This is Part 2 of five-part blog series, continuing the life story of Northeast girls basketball coach Londaryl Perry, who I featured in Tuesday’s newspaper.
Today, I’ll focus more on Perry’s relationship with his mother and two brothers. Here is the full blog schedule:
Tuesday: Perry’s basketball career
Wednesday: More on Perry’s mother and two brothers
Thursday: Perry’s first coaching job
Friday: Perry’s military career
Saturday: The state of Perry’s family today
At age 13, Londaryl Perry almost decided life was too much.
“Who gives a damn about me?” Perry thought as he briefly considered suicide.
“Who cares if I live or die?”
He watched his uncle die with his own eyes after a drug overdose. His father died after overdosing on heroin.
But the continuing nightmare was the home life with his mother, who regularly called him a “bastard” and “ugly.”
Yes, Londaryl Perry’s mother wasn’t just dismissive and unattentive. She displayed a genuine disdain for her oldest son.
Londaryl’s mother has claimed for years that she was raped as a 16-year old, which is how she became pregnant with him.
“She says she wasn’t sexually active (when he was conceived),” Londaryl said. “My mother has never changed that story after all these years, that he raped her.”
Because he shares some physical features with his father, Londaryl believes much of the anger his mother showered him with is because of the alleged rape.
“I feel like I was a reminder of him, and all that hatred was taken out on me,” Londaryl said. “To know you’re born out of that, and to be treated like that …
“I was like, ‘What do I do?’”
Even though his mother’s addiction resulted in her often neglecting his two younger brothers, they never got the insults that Londaryl did.
“For both of my little brothers, it was different,” Londaryl said. “She cherished them, and she resented me.”
Perry’s wife Shana, who he’s known since he was in the eighth grade and dated throughout high school, remembers coming home with Perry after a game one night.
There was a house full of addicts, getting high with Londaryl’s mother.
He kicked all of his mother’s friends out of the house, and the two began arguing.
Perry’s mother picked up his basketball, clutched it between her hands and said she was so upset that, “I wish I had a rock this big that I could smoke.”
“You think of home as being a safe place, and it wasn’t for him,” Shana Perry said.
Still, he made sure to come home every day to look after his brothers. After a two-year career at Seminole State junior college, he walked on to Central Oklahoma’s basketball team. A short while later, he decided he’d had enough of his mother’s treatment of his brothers.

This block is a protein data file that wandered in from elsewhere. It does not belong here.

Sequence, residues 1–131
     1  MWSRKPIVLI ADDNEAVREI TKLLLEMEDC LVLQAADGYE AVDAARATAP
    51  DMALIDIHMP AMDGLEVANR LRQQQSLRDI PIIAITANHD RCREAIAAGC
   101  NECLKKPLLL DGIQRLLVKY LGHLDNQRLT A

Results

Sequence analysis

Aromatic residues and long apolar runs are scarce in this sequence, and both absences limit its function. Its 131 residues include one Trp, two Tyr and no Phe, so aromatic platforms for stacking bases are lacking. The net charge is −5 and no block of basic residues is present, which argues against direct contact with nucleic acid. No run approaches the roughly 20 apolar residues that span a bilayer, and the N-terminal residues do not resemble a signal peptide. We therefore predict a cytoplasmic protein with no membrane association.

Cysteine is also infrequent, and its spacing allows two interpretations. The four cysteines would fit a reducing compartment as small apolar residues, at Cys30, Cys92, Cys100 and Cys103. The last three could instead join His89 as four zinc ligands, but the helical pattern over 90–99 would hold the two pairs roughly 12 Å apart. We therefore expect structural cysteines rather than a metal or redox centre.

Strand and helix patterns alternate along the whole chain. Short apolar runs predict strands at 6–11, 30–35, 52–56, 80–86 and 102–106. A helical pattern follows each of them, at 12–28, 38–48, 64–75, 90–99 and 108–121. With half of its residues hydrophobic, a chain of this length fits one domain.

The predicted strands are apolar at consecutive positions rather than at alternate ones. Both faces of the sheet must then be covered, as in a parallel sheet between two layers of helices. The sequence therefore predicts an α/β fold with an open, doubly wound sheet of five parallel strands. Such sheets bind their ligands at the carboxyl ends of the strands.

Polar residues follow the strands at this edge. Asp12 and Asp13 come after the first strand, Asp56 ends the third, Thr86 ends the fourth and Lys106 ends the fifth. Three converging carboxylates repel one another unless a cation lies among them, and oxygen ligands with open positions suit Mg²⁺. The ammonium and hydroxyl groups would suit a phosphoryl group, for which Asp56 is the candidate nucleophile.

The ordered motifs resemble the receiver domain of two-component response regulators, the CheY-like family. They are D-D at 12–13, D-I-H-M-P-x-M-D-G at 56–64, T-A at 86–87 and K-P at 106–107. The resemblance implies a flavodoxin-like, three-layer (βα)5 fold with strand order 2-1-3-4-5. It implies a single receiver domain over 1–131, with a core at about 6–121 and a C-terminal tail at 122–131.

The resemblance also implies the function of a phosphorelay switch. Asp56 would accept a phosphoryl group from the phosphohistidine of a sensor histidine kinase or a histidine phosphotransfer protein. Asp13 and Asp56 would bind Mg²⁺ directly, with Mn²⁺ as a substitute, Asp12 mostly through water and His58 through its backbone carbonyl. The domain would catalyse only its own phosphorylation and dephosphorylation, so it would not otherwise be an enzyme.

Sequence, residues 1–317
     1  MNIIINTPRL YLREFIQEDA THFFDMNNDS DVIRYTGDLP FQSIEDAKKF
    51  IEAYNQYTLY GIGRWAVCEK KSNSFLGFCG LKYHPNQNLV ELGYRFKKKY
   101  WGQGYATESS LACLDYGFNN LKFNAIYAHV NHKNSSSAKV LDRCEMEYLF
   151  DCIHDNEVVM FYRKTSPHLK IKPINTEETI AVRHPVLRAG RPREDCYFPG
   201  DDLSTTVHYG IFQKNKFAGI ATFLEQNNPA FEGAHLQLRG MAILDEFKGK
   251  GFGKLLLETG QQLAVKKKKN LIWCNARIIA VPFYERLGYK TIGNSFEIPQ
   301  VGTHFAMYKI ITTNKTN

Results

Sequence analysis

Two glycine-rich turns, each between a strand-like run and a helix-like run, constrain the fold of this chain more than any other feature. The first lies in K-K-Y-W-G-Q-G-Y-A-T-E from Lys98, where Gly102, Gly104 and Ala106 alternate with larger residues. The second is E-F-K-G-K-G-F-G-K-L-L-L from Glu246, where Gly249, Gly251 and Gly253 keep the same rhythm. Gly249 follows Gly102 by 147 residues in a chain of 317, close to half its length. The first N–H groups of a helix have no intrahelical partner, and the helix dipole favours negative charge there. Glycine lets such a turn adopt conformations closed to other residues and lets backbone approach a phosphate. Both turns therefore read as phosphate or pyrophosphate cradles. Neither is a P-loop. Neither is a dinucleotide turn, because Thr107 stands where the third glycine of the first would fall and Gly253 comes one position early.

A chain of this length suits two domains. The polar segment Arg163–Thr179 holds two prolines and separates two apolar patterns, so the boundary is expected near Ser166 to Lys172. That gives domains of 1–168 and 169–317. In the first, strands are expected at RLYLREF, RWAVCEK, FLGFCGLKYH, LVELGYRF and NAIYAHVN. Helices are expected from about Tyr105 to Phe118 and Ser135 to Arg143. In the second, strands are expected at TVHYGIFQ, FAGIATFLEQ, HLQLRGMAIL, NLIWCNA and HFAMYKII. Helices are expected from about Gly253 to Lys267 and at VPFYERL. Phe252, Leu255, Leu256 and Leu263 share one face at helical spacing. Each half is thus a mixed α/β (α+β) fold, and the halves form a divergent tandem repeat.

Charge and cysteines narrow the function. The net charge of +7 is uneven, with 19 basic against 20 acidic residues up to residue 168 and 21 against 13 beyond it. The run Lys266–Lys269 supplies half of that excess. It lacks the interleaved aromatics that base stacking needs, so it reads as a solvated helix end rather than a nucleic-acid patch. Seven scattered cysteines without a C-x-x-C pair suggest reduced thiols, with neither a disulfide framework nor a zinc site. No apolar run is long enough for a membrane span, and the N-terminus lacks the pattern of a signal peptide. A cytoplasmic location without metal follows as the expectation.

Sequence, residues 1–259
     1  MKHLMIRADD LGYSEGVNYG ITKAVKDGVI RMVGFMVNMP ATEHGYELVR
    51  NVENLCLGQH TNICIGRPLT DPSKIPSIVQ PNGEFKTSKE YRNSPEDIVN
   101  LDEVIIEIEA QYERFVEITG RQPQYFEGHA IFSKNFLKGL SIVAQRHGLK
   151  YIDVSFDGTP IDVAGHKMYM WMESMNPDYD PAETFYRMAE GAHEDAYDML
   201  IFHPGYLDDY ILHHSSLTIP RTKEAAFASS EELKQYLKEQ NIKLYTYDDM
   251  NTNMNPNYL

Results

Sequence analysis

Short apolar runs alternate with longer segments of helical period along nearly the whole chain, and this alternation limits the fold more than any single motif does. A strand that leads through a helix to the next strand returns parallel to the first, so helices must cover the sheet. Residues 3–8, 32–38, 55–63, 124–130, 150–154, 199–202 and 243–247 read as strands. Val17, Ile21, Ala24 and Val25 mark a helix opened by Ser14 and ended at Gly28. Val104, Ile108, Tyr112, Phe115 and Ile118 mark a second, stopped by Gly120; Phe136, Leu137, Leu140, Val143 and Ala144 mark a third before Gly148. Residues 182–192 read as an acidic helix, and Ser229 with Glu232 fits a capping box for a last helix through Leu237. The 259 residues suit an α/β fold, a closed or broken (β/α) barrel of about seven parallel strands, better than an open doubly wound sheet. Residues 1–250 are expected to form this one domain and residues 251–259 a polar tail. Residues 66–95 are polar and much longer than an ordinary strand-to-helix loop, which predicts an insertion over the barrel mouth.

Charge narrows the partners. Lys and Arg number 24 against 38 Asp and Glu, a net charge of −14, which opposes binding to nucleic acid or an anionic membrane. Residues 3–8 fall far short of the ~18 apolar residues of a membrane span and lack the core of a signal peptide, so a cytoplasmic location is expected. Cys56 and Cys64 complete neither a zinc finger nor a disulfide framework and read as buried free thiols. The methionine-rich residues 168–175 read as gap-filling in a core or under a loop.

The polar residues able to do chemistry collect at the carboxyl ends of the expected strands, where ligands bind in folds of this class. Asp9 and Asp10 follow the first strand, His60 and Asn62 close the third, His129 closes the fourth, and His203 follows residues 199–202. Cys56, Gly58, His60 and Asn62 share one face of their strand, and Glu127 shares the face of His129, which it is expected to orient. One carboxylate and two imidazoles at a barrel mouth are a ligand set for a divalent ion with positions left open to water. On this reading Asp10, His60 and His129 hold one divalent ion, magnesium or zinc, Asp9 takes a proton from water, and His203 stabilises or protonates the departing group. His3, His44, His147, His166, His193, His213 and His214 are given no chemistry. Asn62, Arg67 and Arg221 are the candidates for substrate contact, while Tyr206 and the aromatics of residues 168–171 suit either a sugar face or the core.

No food in the house, a lack of clothing. It had to stop. Shana, now principal at Del Crest Middle School, and Londaryl had just gotten married and were both in college to become teachers.
Londaryl and Shana, now the principal at Del Crest Middle School in Del City, were both in school to become educators.
“The conversation we had was about how we are both wanting to be educators so we can make a difference in children’s lives,” said Shana Perry. “Here are his brothers that need someone to make a difference for them right now.”
The difference they made was substantial. Clifford, then 13-years old, and Jermey, then 10, suddenly lived with adults who cared about them. Who asked questions about what they were up to, and made sure they were fed and clothed.
“As kids, we would just leave for seven or eight hours at a time,” said Jermey Perry, now 25-years old. “She was more worried about her friends than us.”
Both of Londaryl’s brothers are now married with careers and children.
Jermey Perry admits he’d “probably be in jail” without Londaryl and Shana taking custody.
After Londaryl Perry graduated from UCO in 1998, he took a job as an assistant coach at Putnam City West under Mike Nunley, who is now the athletic director for Edmond Public Schools.
Nunley thinks Londaryl Perry did more for Clifford and Jermey than keep them out of jail.
“He didn’t save them from a life of crime,” Nunley said, “He saved them from death.”
Nunley remembers things being very difficult for Londaryl as he tried to be both a parent and a brother to the two kids.
“It was super challenging,” Nunley said. “One of his brothers played for us, and that was really hard on Londaryl. He had huge expectations for him; he wanted his brother to experience the success that he did.
“He wore every single hat. He was his big brother, his coach and his father figure.”